Hey there, time traveller!
This article was published 11/4/2014 (1225 days ago), so information in it may no longer be current.
"We're so young. We're so young... We have so much time."
This excerpt from an essay by Marina Keegan was published in a special edition of the Yale Daily News and distributed at the 2012 commencement exercises when she graduated from Yale summa cum laude. Sadly, Keegan was killed in a car accident on Cape Cod, five days after graduation, en route to her father's birthday party.
A writer, playwright and social activist, Keegan had already achieved some degree of literary success by the age of 22. One of her short stories had been published in The New Yorker and she was supposed to start a job with its editorial department a few weeks after graduation. In addition, a musical she wrote was accepted by the New York International Fringe Festival.
After her death, her essay, The Opposite of Loneliness, published on the web, went viral with more than 1.4 million hits and was later reprinted in The New York Times. Almost two years later, Keegan's writing is published posthumously in this absorbing collection of fiction and non-fiction.
The first half of the book contains her spare, lucid short stories, many of them echoing autobiographical elements such as university settings and the Generation Y protagonists and their sense of angst. In Winter Break, the heroine states, "I didn't know what I wanted. Cigarette holes had started spotting the sides of my skirts and the semester had refined a profundity to the world that I could photograph or turn into a bad poem."
First published in The New Yorker, Cold Pastoral focuses on a young female student struggling to cope with the untimely death of her boyfriend. After inadvertently discovering his journal, she must then confront her misperceptions of their relationship.
The Ingenue deals with a young woman who attends the final performances of a play in which her boyfriend has the lead, succumbing to jealousy because of the attention he lavishes on his female co-star.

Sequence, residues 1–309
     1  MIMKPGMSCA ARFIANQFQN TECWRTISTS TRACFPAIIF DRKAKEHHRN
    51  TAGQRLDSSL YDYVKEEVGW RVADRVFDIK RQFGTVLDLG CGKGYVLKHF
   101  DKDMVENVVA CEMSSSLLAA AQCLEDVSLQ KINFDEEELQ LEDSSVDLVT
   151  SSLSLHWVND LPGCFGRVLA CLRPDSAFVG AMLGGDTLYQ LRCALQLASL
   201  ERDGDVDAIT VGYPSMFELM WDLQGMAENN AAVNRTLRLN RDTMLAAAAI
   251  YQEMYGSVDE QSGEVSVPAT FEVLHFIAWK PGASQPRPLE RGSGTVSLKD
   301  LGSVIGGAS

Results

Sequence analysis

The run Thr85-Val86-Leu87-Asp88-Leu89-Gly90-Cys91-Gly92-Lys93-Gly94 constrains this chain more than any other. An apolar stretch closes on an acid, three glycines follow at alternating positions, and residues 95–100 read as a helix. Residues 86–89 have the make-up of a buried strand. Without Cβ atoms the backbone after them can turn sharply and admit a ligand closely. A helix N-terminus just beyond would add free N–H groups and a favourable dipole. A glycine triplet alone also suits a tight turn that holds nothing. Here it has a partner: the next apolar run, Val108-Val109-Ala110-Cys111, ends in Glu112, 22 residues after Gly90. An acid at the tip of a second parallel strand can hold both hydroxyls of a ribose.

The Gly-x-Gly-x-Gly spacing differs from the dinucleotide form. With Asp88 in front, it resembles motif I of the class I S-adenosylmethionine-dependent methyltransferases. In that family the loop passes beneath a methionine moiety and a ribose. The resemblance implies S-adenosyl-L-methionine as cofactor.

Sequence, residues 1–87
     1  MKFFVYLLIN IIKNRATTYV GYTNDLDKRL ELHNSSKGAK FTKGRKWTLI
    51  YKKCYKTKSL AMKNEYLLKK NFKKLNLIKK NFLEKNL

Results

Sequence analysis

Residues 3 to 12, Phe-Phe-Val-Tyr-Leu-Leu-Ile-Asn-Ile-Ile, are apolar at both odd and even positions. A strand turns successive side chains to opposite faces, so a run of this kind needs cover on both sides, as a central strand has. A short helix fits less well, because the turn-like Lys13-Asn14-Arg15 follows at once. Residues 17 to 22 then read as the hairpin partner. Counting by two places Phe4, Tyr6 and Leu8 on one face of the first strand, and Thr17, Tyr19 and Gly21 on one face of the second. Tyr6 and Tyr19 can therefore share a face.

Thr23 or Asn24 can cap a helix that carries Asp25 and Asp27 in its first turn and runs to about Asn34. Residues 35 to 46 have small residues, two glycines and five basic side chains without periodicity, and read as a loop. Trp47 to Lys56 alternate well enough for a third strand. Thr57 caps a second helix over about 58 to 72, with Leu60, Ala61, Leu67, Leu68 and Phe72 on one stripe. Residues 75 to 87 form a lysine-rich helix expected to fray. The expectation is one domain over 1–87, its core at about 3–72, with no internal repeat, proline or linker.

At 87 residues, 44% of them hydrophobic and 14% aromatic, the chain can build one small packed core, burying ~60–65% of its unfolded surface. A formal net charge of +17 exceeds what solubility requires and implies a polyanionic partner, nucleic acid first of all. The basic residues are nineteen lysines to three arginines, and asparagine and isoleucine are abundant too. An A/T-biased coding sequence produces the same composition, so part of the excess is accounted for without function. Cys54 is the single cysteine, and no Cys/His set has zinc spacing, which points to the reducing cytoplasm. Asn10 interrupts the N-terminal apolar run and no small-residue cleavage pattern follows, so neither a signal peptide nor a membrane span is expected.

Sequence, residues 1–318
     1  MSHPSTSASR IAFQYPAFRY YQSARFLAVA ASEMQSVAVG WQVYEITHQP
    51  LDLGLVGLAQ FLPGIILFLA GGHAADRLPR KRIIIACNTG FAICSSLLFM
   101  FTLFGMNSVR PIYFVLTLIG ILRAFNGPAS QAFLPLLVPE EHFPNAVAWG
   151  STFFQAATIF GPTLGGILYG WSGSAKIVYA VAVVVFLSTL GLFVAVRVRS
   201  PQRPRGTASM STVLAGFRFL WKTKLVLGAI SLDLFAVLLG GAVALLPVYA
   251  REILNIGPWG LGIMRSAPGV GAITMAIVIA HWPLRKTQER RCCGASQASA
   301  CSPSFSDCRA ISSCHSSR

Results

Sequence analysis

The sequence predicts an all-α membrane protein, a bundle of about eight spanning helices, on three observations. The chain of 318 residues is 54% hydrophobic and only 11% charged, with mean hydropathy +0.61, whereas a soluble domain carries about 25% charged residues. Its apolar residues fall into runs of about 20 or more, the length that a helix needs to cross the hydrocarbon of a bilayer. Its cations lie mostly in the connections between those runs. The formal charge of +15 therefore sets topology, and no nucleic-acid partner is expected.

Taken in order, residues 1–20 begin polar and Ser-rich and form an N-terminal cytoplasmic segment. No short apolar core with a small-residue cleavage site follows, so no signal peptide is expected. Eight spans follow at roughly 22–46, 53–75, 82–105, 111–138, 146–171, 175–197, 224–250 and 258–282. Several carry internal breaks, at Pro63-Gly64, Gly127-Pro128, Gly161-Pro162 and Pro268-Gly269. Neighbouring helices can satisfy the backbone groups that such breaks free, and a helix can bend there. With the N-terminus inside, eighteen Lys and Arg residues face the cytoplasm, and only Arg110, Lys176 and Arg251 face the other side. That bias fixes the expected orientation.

Two of the stories, Reading Aloud and Sclerotherapy, revolve around female baby boomers. In both cases, the characters must reassess their lives and cope with change as a result of incidents that befall them.
The Emerald City is a 21st-century epistolary tale. The narrative consists of emails written by an American soldier in Baghdad to his girlfriend in the United States. At the outset, he receives a promotion to deputy housing secretary and is given an office in the former palace of Saddam Hussein. Throughout the piece, Keegan aptly captures the weirdness of the setting, the tension of living there and the protagonist's deteriorating mental state.
Midway through the book, readers are treated to a series of Keegan's essays on a wide range of topics, including whales, exterminators, the future of the universe and aggressive tactics used by financial institutions to recruit graduates. Regardless of the subject matter, Keegan's breezy style and depth of analysis render her writing lively and thought-provoking.
A few of the essays address personal issues. In Against the Grain, Keegan informs us about celiac disease through anecdotes about her lifelong experience with the condition. In The Opposite of Loneliness, Keegan extols the virtues of campus life while expressing apprehension about the uncertainties of post-university world.
Despite her short life, Keegan's fiction and nonfiction have served as a voice for her generation. How sad that she didn't live long enough to reach her full potential, yet how fortunate we are that a body of her work lives on through the publication of this book.
Bev Sandell Greenberg is a Winnipeg writer and editor.